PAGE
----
Sjögren’s syndrome is an autoimmune disease that happens when your immune system damages the glands that produce and control moisture in your body. The most common symptom is chronic, unusual dryness in your eyes, mouth or vagina. A healthcare provider will help you find a combination of treatments that manages your symptoms and how much they affect your daily routine.
Sjögren’s syndrome is an autoimmune disease that makes your glands produce less moisture than they should. It causes chronic (long-term) dryness throughout your body (especially your eyes and mouth). Sjögren’s syndrome is pronounced “SHOW-gren’s syndrome.”
If you have Sjögren’s syndrome, your immune system damages glands in your body that produce and control moisture, including in your:
Visit a healthcare provider if you’re experiencing new dryness in your eyes, mouth or anywhere else in your body — especially if you’re also experiencing other symptoms like pain.
Healthcare providers classify Sjögren’s syndrome into two types:
Experts estimate that around 2 million people in the U.S. have Sjögren’s syndrome.
The most common symptom of Sjögren’s syndrome is unusual dryness, including:
In addition to dryness, Sjögren’s syndrome can cause other symptoms, including:
Sjögren’s syndrome is an autoimmune disease. Autoimmune diseases happen when your immune system mistakenly damages your body instead of protecting it. Experts aren’t sure what makes your immune system attack your glands and cause Sjögren’s syndrome.
Primary Sjögren’s syndrome happens with no known trigger or cause.
Other health conditions trigger secondary Sjögren’s syndrome, especially other autoimmune diseases and some viral infections.
Viral infections that can trigger secondary Sjögren’s syndrome include:
Any autoimmune disease can trigger secondary Sjögren’s syndrome. Some autoimmune diseases that are related to Sjögren’s syndrome include:
Even though studies have linked Sjögren’s syndrome to other conditions, there’s no guarantee you’ll develop it if you have these conditions. Similarly, Sjögren’s syndrome might make you more likely to develop other autoimmune conditions, but that doesn’t mean you definitely will.
Anyone can develop Sjögren’s syndrome, but certain groups of people are more likely to have it:
A healthcare provider will diagnose Sjögren’s syndrome with a physical exam and some tests. They’ll examine your body and ask about your symptoms. Tell your provider when you first noticed changes in your body and if certain times of day or activities seem to make the symptoms worse.
Diagnosing Sjögren’s syndrome is usually part of a differential diagnosis. This means your provider will probably use a few tests to rule out other conditions and causes of your symptoms before diagnosing you with Sjögren’s syndrome. Some tests you might need include:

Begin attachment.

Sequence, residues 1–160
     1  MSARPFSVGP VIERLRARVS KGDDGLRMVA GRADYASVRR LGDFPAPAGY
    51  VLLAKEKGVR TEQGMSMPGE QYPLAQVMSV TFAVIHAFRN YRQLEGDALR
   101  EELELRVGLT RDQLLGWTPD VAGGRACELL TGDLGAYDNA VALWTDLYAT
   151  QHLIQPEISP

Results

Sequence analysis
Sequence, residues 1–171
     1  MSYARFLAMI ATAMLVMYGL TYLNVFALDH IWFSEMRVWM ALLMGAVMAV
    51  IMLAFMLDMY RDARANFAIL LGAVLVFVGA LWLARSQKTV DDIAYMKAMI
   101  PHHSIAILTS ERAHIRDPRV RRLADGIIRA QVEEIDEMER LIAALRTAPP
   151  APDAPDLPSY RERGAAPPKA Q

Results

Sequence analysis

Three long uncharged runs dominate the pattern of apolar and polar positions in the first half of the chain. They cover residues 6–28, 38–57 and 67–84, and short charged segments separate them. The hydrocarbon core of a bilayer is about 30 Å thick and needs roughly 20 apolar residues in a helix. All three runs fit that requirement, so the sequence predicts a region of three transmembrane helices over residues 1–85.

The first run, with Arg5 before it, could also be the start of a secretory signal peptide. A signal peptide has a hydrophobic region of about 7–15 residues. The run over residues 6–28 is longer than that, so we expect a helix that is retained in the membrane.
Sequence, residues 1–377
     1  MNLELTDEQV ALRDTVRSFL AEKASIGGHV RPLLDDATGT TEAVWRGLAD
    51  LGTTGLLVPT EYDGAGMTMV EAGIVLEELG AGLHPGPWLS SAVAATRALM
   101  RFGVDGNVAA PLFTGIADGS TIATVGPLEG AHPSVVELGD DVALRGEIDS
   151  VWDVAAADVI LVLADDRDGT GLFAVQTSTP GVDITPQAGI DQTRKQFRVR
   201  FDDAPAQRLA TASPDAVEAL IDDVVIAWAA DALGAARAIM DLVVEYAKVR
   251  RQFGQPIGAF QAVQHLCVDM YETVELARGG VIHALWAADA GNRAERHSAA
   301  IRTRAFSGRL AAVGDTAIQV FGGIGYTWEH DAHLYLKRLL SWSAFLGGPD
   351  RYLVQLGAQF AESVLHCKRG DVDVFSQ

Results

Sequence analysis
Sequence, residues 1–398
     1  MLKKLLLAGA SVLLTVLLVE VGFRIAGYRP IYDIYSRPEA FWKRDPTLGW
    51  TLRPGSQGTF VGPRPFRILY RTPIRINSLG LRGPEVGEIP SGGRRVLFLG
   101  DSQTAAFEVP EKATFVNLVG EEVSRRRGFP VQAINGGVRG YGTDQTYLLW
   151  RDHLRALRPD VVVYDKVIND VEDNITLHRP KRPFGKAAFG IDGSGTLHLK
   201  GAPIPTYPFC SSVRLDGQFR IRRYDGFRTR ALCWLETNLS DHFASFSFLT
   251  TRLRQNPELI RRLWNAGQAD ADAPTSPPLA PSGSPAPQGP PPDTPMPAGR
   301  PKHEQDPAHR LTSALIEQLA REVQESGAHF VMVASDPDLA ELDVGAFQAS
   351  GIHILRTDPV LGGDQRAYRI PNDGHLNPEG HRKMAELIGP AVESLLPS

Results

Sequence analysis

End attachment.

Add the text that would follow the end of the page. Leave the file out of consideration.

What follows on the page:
You might need to see a few specialists, including:
Sjögren’s syndrome can cause some complications, including:
Most people with Sjögren’s syndrome live their lives without experiencing severe complications. If you have secondary Sjögren’s syndrome, the condition that’s causing it might give you an increased risk of complications. Ask your provider what to expect.
Your provider will suggest treatments to manage your symptoms. There’s no cure for Sjögren’s syndrome, but your provider will help you find a treatment plan that reduces its impact on your daily routine and quality of life.
Which treatments you’ll need depends on where Sjögren’s syndrome affects you.
Some common treatments for dryness in your eyes, mouth or vagina include:
Treatments for pain and other symptoms can include:
Because experts don’t know what causes it, there’s no way to prevent Sjögren’s syndrome. There’s no way to know if (or when) someone will develop it.
You should expect to manage your symptoms for a long time (maybe for the rest of your life). However, your symptoms should get less severe as you find treatments that work for you. People with Sjögren’s syndrome usually find that their symptoms become less intense over time because they learn how to manage them.
See your provider if you notice new symptoms, or if your symptoms are getting more severe. Monitor your symptoms and keep track of any changes you notice.
Your provider will tell you how often you’ll need regular follow-up appointments, tests or additional screenings. Don’t hesitate to visit your provider if you think a treatment isn’t working (or isn’t as effective as it used to be). Sjögren’s syndrome symptoms can be subtle, and you’re the best judge of when something doesn’t feel quite right in your body.
Go to the emergency room or call 911 (or your local emergency services number) if you feel like you can’t breathe or swallow.
Questions to ask your provider include:
A note from Cleveland Clinic
Sjögren’s syndrome can be extremely annoying to manage. It’s frustrating to have dry eyes, a dry mouth or worry if having sex will hurt because of vaginal dryness. The good news is that most people with Sjögren’s syndrome are able to manage their symptoms very well once they find a combination of treatments that works for them.
Talk to your provider about adjusting your treatments if you feel like your symptoms are changing, getting worse or affecting your daily routine more than they should. Ask your provider how often you’ll need eye exams, dental cleaning or other exams and tests. These routine checkups can help you avoid complications.
Last reviewed by a Cleveland Clinic medical professional on 10/02/2023.
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